On the last day of July, Secretary of Defense Chuck Hagel outlined the work of the Strategic Choices and Management Review, something that should greatly concern everyone who cares about our national security. The review, amongst other things, laid out two different potential approaches if sequestration had to be implemented over the long-haul. The approaches, said Hagel, contain trade-offs “between capacity – measured in the number of Army brigades, Navy ships, Air Force squadrons and Marine battalions – and capability, our ability to modernize weapons systems to maintain our military’s technological edge.” The Washington Post called on the administration to pay more attention to the damage of extensive defense cuts, concluding:
“The country’s defense is a core responsibility of the federal government, and its armed forces are critical to the nation’s ability to exert leadership, maintain alliances, defend human rights and preserve the nation’s safety.”
So what can be done now to repeal the sequestration cuts? Although both political parties still seem to be at a stalemate, I believe there is an underlying unease in Washington about what these cuts are doing to our national security capabilities. This unease could create the political conditions necessary for real negotiations to end this mess.
Some basic facts may help our lawmakers focus on a way out. Later this fall, Congress will vote again on raising the debt ceiling, the very issue that created the budget crisis. The critical need is for a solution that addresses our long-term debt and deficit issues without risking investments in our national security and other important priorities such as modernization of the nation’s air transportation system and development of next generation weather satellites.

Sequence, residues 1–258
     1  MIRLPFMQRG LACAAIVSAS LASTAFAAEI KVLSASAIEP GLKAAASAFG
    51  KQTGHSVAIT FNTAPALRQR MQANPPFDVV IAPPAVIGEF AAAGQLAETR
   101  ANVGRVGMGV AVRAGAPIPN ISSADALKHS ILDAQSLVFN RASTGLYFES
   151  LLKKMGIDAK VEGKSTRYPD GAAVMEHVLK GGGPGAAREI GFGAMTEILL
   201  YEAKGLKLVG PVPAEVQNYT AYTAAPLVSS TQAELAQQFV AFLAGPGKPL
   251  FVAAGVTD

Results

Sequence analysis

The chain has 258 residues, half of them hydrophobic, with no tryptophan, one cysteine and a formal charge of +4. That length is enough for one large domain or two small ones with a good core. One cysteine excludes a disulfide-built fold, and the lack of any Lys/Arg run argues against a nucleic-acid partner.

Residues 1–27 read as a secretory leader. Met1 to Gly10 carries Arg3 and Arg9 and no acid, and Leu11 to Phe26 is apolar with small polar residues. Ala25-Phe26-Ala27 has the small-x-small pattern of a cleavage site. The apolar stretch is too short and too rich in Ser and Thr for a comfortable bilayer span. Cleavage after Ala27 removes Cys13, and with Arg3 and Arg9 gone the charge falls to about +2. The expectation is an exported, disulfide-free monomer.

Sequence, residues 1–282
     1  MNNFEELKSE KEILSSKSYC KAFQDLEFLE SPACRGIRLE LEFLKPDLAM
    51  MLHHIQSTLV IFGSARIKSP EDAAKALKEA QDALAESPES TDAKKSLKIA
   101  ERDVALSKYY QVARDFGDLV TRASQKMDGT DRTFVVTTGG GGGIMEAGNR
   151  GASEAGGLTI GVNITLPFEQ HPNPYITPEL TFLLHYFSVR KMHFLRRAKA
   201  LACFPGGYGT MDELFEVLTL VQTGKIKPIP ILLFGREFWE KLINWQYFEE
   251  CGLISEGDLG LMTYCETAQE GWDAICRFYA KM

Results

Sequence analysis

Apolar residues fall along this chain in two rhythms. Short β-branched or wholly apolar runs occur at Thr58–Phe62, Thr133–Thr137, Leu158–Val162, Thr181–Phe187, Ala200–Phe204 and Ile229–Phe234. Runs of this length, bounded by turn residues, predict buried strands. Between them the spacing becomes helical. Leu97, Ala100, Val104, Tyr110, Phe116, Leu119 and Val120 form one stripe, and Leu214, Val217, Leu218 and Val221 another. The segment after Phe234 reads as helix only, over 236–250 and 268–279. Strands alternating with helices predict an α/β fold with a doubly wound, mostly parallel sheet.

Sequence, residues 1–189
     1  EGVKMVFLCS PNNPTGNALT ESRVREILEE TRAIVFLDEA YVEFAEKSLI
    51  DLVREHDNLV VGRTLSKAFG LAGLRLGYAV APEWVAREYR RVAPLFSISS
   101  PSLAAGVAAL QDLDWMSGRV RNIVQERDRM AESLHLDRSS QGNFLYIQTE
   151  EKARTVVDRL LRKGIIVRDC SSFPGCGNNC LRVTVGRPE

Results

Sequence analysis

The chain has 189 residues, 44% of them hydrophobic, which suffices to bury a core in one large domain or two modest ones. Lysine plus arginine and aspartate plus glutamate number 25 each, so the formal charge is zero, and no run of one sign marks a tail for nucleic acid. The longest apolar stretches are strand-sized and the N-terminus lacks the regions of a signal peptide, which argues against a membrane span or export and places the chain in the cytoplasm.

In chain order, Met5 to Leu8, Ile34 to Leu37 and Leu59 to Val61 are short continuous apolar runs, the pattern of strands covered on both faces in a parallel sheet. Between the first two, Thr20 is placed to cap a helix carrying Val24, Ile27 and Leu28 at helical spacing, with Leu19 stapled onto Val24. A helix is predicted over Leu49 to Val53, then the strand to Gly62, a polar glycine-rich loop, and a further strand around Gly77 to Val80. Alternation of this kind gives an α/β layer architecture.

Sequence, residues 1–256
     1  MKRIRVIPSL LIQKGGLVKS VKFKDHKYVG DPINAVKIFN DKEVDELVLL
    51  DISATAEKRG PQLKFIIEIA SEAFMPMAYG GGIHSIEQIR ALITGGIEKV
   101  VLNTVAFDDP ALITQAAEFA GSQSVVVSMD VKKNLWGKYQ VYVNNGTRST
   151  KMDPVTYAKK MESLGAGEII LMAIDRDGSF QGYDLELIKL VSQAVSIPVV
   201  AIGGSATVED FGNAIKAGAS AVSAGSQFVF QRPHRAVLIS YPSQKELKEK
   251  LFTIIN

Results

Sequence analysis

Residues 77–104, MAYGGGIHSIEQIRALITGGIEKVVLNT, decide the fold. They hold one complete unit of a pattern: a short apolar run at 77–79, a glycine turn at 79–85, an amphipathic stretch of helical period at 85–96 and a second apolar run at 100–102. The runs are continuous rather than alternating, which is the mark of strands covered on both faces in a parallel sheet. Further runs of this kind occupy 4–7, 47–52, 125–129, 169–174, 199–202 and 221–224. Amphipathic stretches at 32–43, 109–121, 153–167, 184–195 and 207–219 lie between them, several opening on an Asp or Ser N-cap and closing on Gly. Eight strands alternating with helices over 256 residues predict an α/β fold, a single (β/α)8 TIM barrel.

Then there is the issue of what continuing sequestration will mean for our military capabilities in the long run. Underinvestment in procurement and research and development will inevitably lead to a loss of capability in the defense industrial base as companies shift resources into more stable and profitable business lines.
For example, for the first time in American aviation history, we have no new manned military aircraft in the development phase. This situation began in 2010, and if we do not begin programs like the long range strike bomber soon, we could very easily lose the ability to design and develop new manned aircraft.
Without investment and programs to work on, our defense industrial base could well lose the ability to fill critical requirements of our national security strategy. That loss could harm our ability to equip our men and women in uniform with best technology. We have an obligation to our warfighters to provide them with equipment that tilts the battlefield in their favor. But we need stable, predictable and adequate budgets to fulfill that obligation.
It is my hope that those members of Congress, who rank budget cutting as a higher priority than the need to provide safety and security to the American people will see the train wreck ahead and begin to soften their position. I also hope that those members who are unwilling to even consider modest alterations to entitlement programs – which will help pave the way for a grand bargain – will recognize that these programs are unsustainable, and demographic realities will compel reforms. We are now six months into a policy that has repercussions for our national interests that will only get worse with time.
Those who care deeply about national security should keep communicating with our elected officials in Congress and the White House about the need for a solution to sequestration before it truly is too late.